I shared this with my friends and family, asking questions about their pregnancies and wanting to relate to their stories of the baby kicking their ribs one minute and their bladder the next, but I never shared it with my doctors.
I think I thought that I was crazy and was just imagining it; certainly there was no way my baby was just on one side of my stomach. The next four weeks were scary and we were worried. My doctors wanted me to carry the baby as long as possible and were ok with me going into labor on my own. For 48 hours we tried to get my body to go into labor on its own, but I never felt a contraction, even though I was supposedly going through them like clock work.
I went in for a c-section on my second night in the hospital and had a healthy baby boy delivered not even an hour later. During the C-section, my doctor discovered I had uterus didelphys.
I have two sides to my uterus, which explained the baby only kicking on my right side, and I also have two cervices and two openings in my vagina. All of this came as a shock, but I was also so happy there was an explanation. I was able to carry a healthy baby to term without even knowing that it was a high-risk pregnancy. If I knew what I know now, I, like the previous woman who wrote in , might not have wanted to try due to the risks.
He was born small 5lbs, 12oz and had to be kept in the hospital nursery for about 24 hours, but I would do it over again any day to have him. I hope that other women who have this same condition hold on to some hope that they can have a healthy pregnancy and delivery. I have uterus didelphys —a. Each of my uteri is smaller than a normal-sized one.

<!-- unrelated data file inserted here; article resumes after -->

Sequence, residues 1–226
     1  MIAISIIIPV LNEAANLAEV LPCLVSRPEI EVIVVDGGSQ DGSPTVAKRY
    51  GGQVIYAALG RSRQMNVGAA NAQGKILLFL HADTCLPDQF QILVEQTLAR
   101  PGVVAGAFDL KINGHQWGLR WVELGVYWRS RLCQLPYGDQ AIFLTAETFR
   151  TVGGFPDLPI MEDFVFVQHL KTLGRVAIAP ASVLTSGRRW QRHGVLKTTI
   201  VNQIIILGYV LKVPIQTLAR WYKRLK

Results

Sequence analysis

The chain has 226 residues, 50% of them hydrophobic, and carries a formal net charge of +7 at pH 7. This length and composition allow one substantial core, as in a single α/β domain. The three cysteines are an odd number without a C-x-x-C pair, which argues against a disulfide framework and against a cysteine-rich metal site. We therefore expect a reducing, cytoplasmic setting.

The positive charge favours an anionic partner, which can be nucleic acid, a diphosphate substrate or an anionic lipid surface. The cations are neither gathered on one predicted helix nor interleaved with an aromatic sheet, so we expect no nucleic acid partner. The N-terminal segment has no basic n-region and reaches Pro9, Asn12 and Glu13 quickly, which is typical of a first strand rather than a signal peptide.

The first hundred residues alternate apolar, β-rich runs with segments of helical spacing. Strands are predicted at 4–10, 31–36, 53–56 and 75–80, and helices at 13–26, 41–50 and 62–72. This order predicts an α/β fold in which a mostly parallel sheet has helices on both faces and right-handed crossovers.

But my menstrual cycle is like clockwork, and there are no other downsides besides high-risk pregnancy. The doctor told me that the organs of the female reproductive system are duplicated at one point during development, but eventually the organs merge and become one.
For mine to have not merged is like a mutation! I recall reading that one woman carried twins in one uterus and a single child in her other uterus simultaneously and they were all delivered successfully.
That occurs in one in 25, women with uterus didelphys, making the overall likelihood one in 50 million women. I really wanted to give birth naturally, but it would be impossible. I would be risking my life. I wonder if my hormonal imbalance may be contributing to my luck. Adoption would be nice. Until then, I have animals. As one of our previous readers put it :. I also struggle with jealousy.
I think of her every day and hope I am so lucky. I am in my late forties. I have not been on birth control since my early twenties and have been married 17 years.